Former America's Cup skipper Chris Dickson has praised Team New Zealand's decision to return to monohull yachts, saying the cheaper designs will bring more syndicates back to the prestigious regatta.
Dickson, who skippered New Zealand's first America's Cup campaign in 1987, says the expensive catamaran designs implemented by former Cup holders Oracle Team USA at the past two America's Cups drove crews away which damaged the event.
"Five teams doesn't make an event," Dickson told TVNZ1's Breakfast this morning in relation to the recent Bermuda regatta.
"You've got to have the numbers - a minimum of eight teams. If monohulls means it's going to attract more teams, then it's a great move."
Dickson said it was more about the costs than the debate over how much sailing is involved that makes monohulls a more viable option.
"It'll be cheaper and the technology hurdle - we look at those foiling cats from Bermuda, they were incredibly impressive but can any of us imagine what it would take to start from scratch and be competitive in a boat like that, especially against Team NZ?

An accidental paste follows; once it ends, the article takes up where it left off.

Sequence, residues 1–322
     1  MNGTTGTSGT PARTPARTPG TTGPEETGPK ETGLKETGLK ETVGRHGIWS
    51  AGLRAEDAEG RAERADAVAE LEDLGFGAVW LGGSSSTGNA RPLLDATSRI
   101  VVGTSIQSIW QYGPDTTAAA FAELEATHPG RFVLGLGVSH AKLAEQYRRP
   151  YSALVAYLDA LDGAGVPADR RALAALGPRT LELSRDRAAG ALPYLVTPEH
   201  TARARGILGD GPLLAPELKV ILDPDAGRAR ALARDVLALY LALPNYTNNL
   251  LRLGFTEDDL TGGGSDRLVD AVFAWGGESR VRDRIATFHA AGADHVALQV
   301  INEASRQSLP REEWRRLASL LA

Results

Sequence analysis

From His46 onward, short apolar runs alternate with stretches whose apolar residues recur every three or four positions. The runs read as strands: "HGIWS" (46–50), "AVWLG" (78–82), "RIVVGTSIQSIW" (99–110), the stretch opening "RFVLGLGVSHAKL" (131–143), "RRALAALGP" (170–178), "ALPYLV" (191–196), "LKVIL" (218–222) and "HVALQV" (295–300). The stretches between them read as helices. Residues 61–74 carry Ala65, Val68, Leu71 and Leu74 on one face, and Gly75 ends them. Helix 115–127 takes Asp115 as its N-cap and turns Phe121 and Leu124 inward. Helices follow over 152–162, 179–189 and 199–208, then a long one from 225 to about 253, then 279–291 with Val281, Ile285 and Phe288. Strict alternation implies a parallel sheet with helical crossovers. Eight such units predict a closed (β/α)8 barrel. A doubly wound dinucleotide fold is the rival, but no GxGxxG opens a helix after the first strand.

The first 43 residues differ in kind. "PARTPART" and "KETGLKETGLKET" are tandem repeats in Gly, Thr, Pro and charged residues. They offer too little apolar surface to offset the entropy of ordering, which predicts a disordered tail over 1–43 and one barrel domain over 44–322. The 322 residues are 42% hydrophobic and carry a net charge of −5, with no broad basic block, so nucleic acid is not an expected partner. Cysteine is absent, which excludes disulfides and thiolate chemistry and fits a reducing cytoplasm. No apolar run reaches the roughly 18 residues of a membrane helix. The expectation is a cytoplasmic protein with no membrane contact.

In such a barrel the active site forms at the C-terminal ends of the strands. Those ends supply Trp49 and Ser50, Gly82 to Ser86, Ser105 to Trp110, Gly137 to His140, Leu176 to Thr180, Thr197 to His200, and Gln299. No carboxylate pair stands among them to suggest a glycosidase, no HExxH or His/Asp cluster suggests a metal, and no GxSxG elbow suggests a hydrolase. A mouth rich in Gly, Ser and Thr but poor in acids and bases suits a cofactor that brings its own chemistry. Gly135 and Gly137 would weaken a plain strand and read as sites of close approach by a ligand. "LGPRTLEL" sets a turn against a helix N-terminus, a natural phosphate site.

"That would just put teams off, so I think a new class, it gives new teams the hope and expectation they can come to New Zealand, they can compete and be competitive and that in itself attracts sponsors and backers and hopefully that'll get more teams.
"You've got to have more teams to have a great event... if you have a party and three people turn up, it defeats the purpose."
Team NZ confirmed the decision in a statement last night.
"Emirates Team New Zealand have been consulting with a number of potential challengers and there is an overall desire to have a spectacular monohull yacht that will be exciting to match race, but also one that the public and sailors can relate to as a sail boat that really challenges a full crew of professional yachtsman around the race track," the statement read.
"Currently there are a team of designers, lead by Emirates Team New Zealand Design Coordinator Dan Bernasconi working on various exciting monohull concepts which will eventually help shape the AC36 Class Rule."
Further details of the 2021 America's Cup defence in Auckland will be revealed later this month.